Protests against Moldova’s pro-EU gov't enter second day

Seven thousand people gather for second day to protest Moldova’s new pro-European government

Photo by: AFP
Photo by: AFP

People attend the rally in front of the Parliament building in Chisinau, January 21, 2016

Updated Feb 24, 2016

Thousands of people held an anti-government protest Thursday in the Moldovan capital, a day after the legislature approved a new pro-European government.

Protesters gathered outside government offices and Parliament in Chisinau to protest Prime Minister Pavel Filip, the former technology minister and ex-candy factory manager, who presented his Cabinet of politicians and specialists to President Nicolae Timofti late Wednesday.

It was the second straight day of protests. Scuffles broke out Wednesday between police and the protesters who stormed the Parliament, injuring 15 people, including nine police officers. On Thursday, protesters blocked a main artery in the capital as they staged a peaceful protest. Demonstrators shouted "Down with the government! We are the people!" and "Early elections!"

Moldova has been mired in political instability since 2014. Last year, Moldova had five prime ministers and there were weeks of protests about $1.5 billion that went missing from three banks prior to the country's November 2014 parliamentary election.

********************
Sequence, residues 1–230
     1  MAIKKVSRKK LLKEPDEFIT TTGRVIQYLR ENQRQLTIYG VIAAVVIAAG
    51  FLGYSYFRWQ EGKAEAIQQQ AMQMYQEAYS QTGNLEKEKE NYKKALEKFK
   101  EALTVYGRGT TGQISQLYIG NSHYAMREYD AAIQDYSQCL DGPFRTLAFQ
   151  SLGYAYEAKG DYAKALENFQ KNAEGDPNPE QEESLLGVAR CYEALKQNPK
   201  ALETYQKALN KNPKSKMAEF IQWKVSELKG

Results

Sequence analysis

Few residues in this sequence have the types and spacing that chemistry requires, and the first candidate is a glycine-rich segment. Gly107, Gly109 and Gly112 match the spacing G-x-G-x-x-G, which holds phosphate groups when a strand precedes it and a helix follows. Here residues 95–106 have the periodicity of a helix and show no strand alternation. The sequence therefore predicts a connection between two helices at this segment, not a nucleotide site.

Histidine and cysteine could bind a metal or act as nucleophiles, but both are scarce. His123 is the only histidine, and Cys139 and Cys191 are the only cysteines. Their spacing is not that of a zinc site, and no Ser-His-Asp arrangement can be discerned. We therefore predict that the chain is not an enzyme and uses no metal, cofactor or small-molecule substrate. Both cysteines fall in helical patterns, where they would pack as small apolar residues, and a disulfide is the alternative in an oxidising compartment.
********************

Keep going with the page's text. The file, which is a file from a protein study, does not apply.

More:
Many Moldovans are fed up with what they see as a corrupt ruling class and a drop in living standards in the impoverished East European nation of about 4 million, where the average monthly salary is just 220 euros ($240).

Some Moldovans prefer pro-Russian parties as an alternative to the current government, which has been in power since 2009. Other protesters criticise the government, which has EU membership as a goal, as having failed to carry out reforms and tackle corruption.

"There is very real anger at the Moldovan political elite," said Daniel Brett, an associate professor at the Open University, adding that the protests were not about whether people were pro-Europe or pro-Russia.

"Politicians (in Moldova) have consistently sought to put their own interests ahead of those of the country. Opportunities to tackle corruption and the economic crisis have been missed, because tackling corruption threatens the interests of the elite," he said.

The Parliament vote Wednesday ended a three-month standoff with Timofti. The president would have dissolved Parliament had it not approved a new government by Jan. 29. The previous government was dismissed in October over corruption allegations.

Romanian President Klaus Iohannis on Thursday urged Moldova's new government to undertake reforms.